"Playing For Keeps" tries to answer the vexing question: what's a worn out Scottish soccer star to do? If you're George Dyer (Gerard Butler), you move to a Virginia suburb, home to your pre-teen son (Noah Lomax) and your ex-wife (Jennifer Biel), now engaged, and you try to break into sportscasting. In the meantime, you become the coach of your estranged son's soccer team, whose sponsor is played by Dennis Quaid, and you learn how to handle the soccer moms (Catherine Zeta-Jones, Uma Thurman and Judy Greer). Then you decide that your ex-wife really is the woman of your dreams and you begin to pursue her.
Could voicing a character in "How to Train Your Dragon" be a more memorable role for Butler? Here's what the critics are saying:
Some movies are 100 percent polyester, yet the right actors can make the material breathe a little so that the audience wears the experience comfortably for a couple of hours. Opening this month, the Barbra Streisand/Seth Rogen vehicle "The Guilt Trip" belongs to that poly-genre.
And then there's "Playing for Keeps," which is more of a manure-poly blend. The romantic comedy stars Gerard Butler, Jessica Biel, Uma Thurman, a bizarrely twitchy Dennis Quaid, Catherine Zeta-Jones and Judy Greer. Only Biel and Greer lift it above the level of bleh. Michael Phillips, Chicago Tribune
“Does he make you laugh? I mean, really make you laugh?” George asks Stacie, trying to clinch the foregone argument that she really belongs back with him. It’s a curious question, since George mostly makes her cry, and also because Mr. Butler is among the least naturally funny actors in film comedy today. George facetiously tells his landlord (Iqbal Theba) that the secret to his success with women is “the accent,” and that may be true of Mr. Butler as well. His growly burr certainly adds to the shaggy charm, at once laid-back and aggressive, that he projects here.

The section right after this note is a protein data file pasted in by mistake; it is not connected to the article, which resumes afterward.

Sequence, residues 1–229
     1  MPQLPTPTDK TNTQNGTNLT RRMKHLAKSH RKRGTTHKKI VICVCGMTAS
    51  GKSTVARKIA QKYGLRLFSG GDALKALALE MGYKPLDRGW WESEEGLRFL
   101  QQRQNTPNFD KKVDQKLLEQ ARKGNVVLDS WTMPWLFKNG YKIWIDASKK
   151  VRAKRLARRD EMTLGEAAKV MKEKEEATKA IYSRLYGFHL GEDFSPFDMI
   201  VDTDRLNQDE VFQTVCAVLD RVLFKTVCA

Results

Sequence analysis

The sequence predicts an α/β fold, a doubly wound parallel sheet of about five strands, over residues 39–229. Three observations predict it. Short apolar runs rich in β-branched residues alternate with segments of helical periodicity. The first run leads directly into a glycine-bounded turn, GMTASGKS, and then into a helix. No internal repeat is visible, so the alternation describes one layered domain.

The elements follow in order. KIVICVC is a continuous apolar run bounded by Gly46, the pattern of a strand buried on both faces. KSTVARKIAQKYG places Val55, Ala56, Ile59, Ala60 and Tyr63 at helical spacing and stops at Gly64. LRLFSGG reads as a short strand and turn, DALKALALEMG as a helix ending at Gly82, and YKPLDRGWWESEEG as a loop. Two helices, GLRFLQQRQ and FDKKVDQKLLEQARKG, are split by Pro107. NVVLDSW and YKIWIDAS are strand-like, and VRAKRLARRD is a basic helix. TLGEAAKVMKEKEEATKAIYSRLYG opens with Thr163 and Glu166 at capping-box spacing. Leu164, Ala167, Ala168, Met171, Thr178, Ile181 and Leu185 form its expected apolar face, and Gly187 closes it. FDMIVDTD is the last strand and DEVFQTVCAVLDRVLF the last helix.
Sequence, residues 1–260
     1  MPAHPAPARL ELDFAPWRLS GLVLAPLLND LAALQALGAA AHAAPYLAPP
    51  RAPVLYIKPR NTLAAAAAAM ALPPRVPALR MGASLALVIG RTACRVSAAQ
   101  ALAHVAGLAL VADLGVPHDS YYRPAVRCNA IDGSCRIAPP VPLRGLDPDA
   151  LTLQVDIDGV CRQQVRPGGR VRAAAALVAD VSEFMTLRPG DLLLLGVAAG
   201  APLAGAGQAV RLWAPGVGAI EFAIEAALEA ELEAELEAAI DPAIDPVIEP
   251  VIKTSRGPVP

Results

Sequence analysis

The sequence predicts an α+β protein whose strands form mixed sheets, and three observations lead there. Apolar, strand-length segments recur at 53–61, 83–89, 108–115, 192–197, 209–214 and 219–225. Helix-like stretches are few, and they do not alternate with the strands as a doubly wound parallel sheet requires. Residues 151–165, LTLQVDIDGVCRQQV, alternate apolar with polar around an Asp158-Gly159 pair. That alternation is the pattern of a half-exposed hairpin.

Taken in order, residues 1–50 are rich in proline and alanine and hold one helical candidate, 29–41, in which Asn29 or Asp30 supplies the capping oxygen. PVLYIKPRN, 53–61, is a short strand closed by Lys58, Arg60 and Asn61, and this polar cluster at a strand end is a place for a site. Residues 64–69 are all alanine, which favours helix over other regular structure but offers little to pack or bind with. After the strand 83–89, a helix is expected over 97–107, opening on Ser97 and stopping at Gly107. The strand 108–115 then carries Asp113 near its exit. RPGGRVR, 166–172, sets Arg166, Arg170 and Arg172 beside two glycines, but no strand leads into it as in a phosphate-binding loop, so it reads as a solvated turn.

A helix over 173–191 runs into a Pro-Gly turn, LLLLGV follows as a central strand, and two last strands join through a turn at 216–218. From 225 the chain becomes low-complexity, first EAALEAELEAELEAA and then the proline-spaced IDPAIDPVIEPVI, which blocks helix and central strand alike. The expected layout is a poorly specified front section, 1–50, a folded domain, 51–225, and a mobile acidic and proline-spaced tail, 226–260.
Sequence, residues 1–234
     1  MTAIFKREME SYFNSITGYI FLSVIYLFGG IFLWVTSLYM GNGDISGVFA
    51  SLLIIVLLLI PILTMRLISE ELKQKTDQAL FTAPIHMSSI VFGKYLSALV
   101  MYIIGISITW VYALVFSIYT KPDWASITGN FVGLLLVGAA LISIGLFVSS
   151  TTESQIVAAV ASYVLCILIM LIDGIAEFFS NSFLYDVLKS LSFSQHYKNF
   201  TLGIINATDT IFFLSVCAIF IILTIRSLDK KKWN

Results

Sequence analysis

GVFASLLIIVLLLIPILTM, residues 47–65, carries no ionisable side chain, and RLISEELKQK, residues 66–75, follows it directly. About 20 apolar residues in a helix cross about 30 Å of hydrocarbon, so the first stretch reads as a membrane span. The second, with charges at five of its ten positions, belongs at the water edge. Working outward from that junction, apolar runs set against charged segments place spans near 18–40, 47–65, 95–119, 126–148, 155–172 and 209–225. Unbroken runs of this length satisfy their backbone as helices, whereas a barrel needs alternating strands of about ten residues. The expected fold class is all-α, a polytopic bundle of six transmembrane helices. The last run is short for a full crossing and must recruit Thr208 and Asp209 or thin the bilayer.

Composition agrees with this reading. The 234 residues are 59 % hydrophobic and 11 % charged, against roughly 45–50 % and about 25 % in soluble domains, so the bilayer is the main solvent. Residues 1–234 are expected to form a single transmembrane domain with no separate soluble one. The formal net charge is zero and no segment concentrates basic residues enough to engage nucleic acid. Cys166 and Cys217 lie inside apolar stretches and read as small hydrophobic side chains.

What he cannot seem to do is to convey any sense of the emotional stakes, but this may also be the fault of an all-over-the-place script (by Robbie Fox) and of Gabriele Muccino’s uneven direction. Sometimes the movie swerves toward farce, sometimes into the zone of smiley family comedy and at other times into full-on weepiness. None of it is especially credible or engaging. A.O. Scott, The New York Times
There’s not a moment of surprise in the listless screenplay by Robbie Fox (whose biggest credits are “So I Married an Axe Murderer” and “In the Army Now”). But both leads evoke a hard-won pragmatism that runs stubbornly counter to the frothy action and chipper score.Similarly, Quaid offers a memorable portrait of a suburban big shot whose expensive toys mask his deep insecurity. But Thurman never figures her character out, and Greer and Zeta-Jones are wasted in disposable roles.
Perhaps, if this movie fails, studios will finally accept that we all deserve better. Biel knows it already, and Butler keeps up in their scenes together.
Their honest depiction of the complexities of life and love, though out of place in such a counterfeit setting, provides the movie’s only truly interesting element. Here’s hoping the new rom-com formula keeps those flashes of intelligence, and stops playing us for fools. Elizabeth Weitzman, New York Daily News.
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